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Cameroon border city battered by crisis in C. Africa

By Agence France-Presse in Garoua Boulai, Cameroon (China Daily) Updated: 2014-03-20 07:43

 Cameroon border city battered by crisis in C. Africa

Many refugees from the Central African Republic have fled to the eastern Cameroonian village of Gado Badzere, near Garoua-Boulai, after a violent conflict broke out in their country last year. Reinnier Kaze / Agence France-Presse

Cameroon border city battered by crisis in C. Africa

When conflict broke out in the Central African Republic last year, the residents of Garoua-Boulai in neighboring Cameroon could hear the fighting.

Looters and bullets did not stop at the border, and the town, teeming with refugees streaming out of the war zone and supply trucks going in, lives in constant fear of spillover violence.

Like many fellow traders in Garoua-Boulai, Bachirou would often do business at the border crossing. But today he says that even getting close is "to risk taking a bullet".

All trade ended a year ago after the mainly Muslim rebels of the Seleka alliance seized power in the Central African capital Bangui.

"I used to sell various goods at the border," Bachirou said. "But when the Seleka took power, bullets would fly across when they were chasing the troops of (ousted president Francois) Bozize."

"We quit the area altogether and have been waiting for things to calm down," Bachirou said.

Outlying Cameroonian shops in the buffer zone have been ransacked by various protagonists in the Central African crisis, which has escalated into an ethno-religious conflict.

Muslim ex-rebels and Christian militias have been locked in a cycle of tit-for-tat attacks that a new internationally backed government and foreign troops have failed to stop.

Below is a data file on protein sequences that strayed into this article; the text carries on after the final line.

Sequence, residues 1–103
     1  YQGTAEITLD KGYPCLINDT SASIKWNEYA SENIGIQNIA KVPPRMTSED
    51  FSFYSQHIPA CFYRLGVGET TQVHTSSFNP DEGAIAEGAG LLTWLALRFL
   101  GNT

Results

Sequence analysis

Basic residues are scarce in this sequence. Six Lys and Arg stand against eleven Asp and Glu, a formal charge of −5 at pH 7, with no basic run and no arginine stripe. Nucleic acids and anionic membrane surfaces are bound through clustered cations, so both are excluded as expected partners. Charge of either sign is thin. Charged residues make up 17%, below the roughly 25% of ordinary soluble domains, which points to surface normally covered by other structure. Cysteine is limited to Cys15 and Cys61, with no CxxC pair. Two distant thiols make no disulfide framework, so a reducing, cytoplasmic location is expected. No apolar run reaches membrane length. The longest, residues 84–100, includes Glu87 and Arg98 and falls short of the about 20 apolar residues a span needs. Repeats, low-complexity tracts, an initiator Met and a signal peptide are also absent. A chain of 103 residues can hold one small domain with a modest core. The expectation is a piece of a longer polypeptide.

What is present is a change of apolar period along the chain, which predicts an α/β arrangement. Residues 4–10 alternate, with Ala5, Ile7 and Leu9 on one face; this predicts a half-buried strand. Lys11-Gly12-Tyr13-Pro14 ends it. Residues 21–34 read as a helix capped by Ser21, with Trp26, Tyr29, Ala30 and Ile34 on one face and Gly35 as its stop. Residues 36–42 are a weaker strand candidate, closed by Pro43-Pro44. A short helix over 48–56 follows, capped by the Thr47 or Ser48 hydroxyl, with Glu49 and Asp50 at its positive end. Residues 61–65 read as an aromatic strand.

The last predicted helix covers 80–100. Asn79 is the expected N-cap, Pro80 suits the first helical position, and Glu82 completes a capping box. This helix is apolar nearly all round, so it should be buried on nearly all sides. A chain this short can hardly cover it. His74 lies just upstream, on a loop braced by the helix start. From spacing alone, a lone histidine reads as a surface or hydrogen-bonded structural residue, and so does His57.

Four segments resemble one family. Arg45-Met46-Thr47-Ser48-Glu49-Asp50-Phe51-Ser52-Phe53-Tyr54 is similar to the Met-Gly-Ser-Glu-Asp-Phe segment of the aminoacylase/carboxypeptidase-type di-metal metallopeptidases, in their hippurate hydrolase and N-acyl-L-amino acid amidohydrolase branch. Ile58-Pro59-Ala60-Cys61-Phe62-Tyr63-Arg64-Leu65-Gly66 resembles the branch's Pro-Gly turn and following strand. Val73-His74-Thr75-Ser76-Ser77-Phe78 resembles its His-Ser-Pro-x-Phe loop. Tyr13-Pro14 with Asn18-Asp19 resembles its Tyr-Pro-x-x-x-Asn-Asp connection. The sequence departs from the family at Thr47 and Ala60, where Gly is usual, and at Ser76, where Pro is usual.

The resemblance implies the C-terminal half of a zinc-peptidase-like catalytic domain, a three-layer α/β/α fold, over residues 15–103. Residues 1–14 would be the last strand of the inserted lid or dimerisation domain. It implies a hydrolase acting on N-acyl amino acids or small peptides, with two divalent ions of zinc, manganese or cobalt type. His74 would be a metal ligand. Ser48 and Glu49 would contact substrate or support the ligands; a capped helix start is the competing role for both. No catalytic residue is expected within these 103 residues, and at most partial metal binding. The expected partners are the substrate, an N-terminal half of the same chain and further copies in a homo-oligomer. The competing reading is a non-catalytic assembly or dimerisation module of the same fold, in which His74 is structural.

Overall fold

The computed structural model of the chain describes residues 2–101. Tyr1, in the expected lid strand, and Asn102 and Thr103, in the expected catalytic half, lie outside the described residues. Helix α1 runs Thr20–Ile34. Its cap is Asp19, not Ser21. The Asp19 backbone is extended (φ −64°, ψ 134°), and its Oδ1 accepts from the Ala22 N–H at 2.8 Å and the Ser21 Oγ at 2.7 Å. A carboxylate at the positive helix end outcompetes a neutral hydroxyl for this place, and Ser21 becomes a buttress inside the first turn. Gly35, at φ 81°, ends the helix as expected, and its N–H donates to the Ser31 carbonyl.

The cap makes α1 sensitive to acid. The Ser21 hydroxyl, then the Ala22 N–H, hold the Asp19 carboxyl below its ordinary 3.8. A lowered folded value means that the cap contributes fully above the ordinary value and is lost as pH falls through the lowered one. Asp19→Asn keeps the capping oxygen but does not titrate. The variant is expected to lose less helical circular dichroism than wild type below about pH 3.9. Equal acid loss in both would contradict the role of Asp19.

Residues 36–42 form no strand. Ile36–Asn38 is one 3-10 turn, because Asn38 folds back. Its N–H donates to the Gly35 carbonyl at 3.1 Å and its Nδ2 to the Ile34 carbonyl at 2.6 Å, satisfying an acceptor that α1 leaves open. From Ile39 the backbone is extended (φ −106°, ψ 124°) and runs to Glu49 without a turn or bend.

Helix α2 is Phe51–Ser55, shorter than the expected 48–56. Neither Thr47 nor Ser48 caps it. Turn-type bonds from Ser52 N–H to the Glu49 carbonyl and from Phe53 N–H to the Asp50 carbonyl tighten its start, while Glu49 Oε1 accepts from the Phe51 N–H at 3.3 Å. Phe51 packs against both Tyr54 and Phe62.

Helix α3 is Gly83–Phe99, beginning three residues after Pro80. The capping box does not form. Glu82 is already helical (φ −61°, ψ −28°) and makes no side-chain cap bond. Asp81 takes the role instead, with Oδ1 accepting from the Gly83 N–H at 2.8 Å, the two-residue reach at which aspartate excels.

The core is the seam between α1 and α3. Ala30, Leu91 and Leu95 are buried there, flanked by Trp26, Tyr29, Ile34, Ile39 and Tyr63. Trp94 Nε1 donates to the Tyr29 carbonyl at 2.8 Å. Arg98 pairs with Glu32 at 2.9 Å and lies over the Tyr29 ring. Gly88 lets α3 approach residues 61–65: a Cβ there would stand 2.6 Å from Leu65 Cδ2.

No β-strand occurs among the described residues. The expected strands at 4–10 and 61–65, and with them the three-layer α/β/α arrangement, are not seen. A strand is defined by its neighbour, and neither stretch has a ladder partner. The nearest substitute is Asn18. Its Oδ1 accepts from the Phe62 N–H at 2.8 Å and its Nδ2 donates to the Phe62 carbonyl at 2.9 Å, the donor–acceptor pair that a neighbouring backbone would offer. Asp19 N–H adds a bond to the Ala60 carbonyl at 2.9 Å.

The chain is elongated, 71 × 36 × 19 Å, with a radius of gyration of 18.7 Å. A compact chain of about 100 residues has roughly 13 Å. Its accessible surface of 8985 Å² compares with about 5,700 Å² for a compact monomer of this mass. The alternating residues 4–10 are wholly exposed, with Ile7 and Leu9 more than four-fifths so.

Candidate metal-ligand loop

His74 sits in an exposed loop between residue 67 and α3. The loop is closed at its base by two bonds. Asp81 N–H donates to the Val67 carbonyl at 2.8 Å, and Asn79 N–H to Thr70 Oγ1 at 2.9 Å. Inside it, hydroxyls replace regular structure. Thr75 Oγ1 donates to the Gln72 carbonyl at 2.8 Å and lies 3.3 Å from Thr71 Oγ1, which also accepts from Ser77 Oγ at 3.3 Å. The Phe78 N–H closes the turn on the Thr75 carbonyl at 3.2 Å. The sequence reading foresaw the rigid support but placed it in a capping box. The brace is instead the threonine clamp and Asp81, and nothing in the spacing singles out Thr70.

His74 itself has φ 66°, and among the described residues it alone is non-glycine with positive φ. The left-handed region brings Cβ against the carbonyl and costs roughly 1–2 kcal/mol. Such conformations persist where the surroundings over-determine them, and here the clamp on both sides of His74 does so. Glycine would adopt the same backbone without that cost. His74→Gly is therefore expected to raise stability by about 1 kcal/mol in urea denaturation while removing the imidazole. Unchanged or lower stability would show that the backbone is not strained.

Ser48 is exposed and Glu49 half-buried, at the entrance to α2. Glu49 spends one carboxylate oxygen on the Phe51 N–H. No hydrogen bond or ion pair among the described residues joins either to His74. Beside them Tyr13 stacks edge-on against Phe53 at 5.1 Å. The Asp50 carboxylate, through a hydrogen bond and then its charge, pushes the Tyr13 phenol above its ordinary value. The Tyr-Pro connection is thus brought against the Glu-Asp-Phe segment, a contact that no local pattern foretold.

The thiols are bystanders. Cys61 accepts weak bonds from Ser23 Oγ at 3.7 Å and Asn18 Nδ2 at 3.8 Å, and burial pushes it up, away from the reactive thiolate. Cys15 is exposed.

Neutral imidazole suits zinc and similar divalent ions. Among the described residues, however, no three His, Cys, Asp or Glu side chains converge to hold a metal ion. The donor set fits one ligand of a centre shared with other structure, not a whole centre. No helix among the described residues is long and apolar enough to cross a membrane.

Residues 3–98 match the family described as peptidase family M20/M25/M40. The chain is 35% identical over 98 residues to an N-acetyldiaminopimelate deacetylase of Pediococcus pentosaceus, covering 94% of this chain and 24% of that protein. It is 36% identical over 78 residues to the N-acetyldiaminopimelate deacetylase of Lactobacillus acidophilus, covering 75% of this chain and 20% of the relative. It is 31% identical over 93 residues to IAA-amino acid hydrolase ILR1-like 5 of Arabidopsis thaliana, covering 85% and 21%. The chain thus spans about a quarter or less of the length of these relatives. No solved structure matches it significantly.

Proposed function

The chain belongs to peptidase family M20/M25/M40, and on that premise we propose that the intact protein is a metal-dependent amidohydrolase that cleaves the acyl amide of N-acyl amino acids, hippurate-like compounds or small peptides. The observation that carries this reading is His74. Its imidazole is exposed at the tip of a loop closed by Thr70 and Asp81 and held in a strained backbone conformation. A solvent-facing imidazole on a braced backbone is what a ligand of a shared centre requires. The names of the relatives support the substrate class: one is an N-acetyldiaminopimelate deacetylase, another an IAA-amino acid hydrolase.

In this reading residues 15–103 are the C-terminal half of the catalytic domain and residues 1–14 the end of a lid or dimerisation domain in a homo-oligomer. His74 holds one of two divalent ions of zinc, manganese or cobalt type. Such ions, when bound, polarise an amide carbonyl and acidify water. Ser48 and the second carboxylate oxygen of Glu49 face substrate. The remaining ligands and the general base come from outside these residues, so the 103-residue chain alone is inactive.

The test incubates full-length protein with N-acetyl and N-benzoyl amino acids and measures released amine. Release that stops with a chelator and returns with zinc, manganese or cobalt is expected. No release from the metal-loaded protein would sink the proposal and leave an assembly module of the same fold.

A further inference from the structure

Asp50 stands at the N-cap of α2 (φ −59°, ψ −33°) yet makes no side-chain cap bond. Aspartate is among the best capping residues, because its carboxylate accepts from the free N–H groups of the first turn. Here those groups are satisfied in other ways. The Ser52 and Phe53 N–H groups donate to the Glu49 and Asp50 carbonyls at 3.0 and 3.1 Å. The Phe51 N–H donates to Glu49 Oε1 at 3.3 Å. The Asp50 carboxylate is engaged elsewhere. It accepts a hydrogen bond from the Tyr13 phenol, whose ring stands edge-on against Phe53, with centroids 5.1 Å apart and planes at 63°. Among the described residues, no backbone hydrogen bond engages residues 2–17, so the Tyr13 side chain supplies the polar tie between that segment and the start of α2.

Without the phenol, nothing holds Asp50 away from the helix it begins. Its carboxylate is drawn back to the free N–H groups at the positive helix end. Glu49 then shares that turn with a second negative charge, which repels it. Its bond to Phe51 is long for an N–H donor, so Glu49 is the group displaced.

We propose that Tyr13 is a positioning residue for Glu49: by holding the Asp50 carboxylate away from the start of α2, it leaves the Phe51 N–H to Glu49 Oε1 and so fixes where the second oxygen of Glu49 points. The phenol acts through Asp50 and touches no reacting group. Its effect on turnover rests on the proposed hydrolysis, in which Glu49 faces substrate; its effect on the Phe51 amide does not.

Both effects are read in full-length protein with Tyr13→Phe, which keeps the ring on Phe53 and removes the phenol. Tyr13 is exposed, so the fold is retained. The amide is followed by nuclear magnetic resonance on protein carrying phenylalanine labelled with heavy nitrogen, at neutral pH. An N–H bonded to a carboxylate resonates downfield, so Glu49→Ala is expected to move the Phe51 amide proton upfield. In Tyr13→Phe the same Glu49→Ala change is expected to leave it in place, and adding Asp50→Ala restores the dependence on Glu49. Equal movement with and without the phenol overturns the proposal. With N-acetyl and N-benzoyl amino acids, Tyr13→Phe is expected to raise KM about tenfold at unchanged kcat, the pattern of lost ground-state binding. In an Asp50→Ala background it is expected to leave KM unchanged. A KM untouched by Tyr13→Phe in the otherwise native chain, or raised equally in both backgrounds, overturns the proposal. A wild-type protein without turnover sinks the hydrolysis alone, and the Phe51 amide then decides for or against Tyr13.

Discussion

The arrival of French troops in CAR in December has weakened Seleka forces and boosted an African Union military force known as MISCA.

Bachirou said that people in the border town had hoped that the situation would return to normal without the Seleka, but instead "anti-balaka" Christian militias arrived and "pillaged the shops of those who have remained behind".

"It gives me goose bumps even to think about approaching the border in light of the catastrophe unfolding on the other side," said Calvin, another resident of Garoua-Boulai.

Some people moved deeper into town for fear of being caught in crossfire when MISCA forces clashed with the militia.

Last month, anti-balaka forces attacked an African Union convoy at Cantonnier, the twin town on the Central African side of the border. Eleven of the assailants were killed and 12 civilians wounded, according to a MISCA toll.

MISCA troops and soldiers from France's Operation Sangaris stationed in Cantonnier have started to recover weapons from anti-balaka fighters.

"When the disarmament of these boys began, you could buy a Kalashnikov for 4,000 CFA francs ($8.40)," a Cameroonian soldier said.

"We even found assault rifles abandoned in plantations up by the border."

Garoua-Boulai was the first stop for many of the 130,000 Central African refugees in Cameroon. At least 11,000 are still there.

The town is also a hub for trucks delivering vital goods from Cameroon's port city of Douala, 805 km by road to the west, to the landlocked CAR.

"If food doesn't arrive in Bangui, we are absolutely certain to see a further crisis," French army spokesman Gilles Jaron warned last week. The rainy season is due in April, he added, making driving harder than ever.

Before this latest conflict, about 600 lorries plied the road each week, but traffic decreased sharply when armed groups attacked, together with highway bandits who have long been a problem.

French soldiers have managed to restore between 40 and 50 percent of that traffic, providing escorts for three convoys a week between Garoua-Boulai and Bangui, the French officer said.

"I'm relieved to have come home safe and sound," said young Cameroonian trucker Augustin Tsafack, after his first cross-border trip in a year.

"We were escorted right up to the frontier by Sangaris, but the journey is not a reassuring one. There's a lot of disorder."

Drivers around him looked weary and drained, but some of them were keen to move on deeper into Cameroon for safety.

MISCA soldiers were helping to get a new convoy ready for the return trip to Bangui, but some of the truckers remained hesitant.

"We're going to wait at least until the end of the month, because they say that the Seleka are getting ready to come back," Tsafack said.

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